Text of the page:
Windy City Rails: Daliah Saper on Development and the Law

Reading Time: 2 minutes

“When you upload pictures to Facebook, who owns them?”


“No!” Daliah pauses and shakes her head at the crowd. “You own them.”

As developers, we don’t always spend much time considering the legal side of the code that we make. Daliah Saper came to Windy City Rails to get us to do that for a few minutes. Maybe we in the audience aren’t experts now, but at least we know of a few more things to be aware of.

First, Daliah spent a few minutes going over copyright infringement, licensing, and royalties. But here are the tidbits that I found the most interesting, so I thought I’d jot them down:

Open Source Software

Open source doesn’t refer to the (nonexistent) price of the software, but the terms under which you can use it. (An aside from me: lots of open source software uses the MIT license, which is worth a look and available in most OS repositories, including gemfinder).

Sometimes, if a paid software uses open-source software, that open-source license limits how someone can exploit (get paid for) the paid software. In this case, a lawyer and a developer will perform a “license audit” and figure out exactly what those limitations are. This is worth being aware of, say, if you’re using Devise to build a white label ecommerce app to license out to publishing companies or something.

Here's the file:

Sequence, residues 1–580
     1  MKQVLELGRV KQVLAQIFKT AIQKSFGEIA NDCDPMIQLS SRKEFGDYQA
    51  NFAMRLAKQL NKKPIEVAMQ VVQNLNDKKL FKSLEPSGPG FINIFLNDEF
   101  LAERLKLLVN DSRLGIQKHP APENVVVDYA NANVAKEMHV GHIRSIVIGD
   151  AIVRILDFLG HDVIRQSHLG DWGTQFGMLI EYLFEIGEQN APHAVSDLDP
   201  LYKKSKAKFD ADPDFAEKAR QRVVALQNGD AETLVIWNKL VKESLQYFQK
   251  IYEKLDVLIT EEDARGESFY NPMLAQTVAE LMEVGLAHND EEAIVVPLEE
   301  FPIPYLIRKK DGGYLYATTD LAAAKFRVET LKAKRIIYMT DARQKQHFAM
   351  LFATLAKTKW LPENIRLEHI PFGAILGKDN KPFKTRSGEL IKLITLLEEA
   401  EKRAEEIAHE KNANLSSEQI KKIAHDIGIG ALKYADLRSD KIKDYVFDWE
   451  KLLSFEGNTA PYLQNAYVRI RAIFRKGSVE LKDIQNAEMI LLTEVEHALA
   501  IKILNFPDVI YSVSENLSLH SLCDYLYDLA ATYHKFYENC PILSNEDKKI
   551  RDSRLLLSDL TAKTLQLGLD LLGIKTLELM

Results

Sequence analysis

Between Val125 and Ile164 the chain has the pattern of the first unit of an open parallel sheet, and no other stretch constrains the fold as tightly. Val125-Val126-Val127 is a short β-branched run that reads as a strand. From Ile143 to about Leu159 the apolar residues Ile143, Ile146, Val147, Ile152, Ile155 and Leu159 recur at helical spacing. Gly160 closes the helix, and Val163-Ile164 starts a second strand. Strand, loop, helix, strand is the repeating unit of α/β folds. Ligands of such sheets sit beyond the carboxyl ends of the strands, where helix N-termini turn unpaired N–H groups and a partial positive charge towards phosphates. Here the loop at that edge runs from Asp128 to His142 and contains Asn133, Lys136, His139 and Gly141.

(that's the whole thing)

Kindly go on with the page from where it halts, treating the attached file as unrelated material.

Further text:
Work For Hire

If you are an employee of an organization with W2, and you develop code in your day job, the company owns the code. If you are a freelancer, you own the code. The exception is a “work for hire” document that gives the rights to the client, even though a freelancer is doing it. This can get thorny if you, as a freelancer, have many clients, and some of them claim, through work for hire, to own pieces of code that you used for another client.

Coding Together

If several people worked together on some code, then any of them can exploit (get paid for) it without consulting the others. The only thing is that that person must split the proceeds equally among the joint owners, unless another ownership arrangement is specified.

There was a lot more that I didn’t catch, so I’ll link the video of her talk (and each of the talks) to the requisite blog post once they are available.


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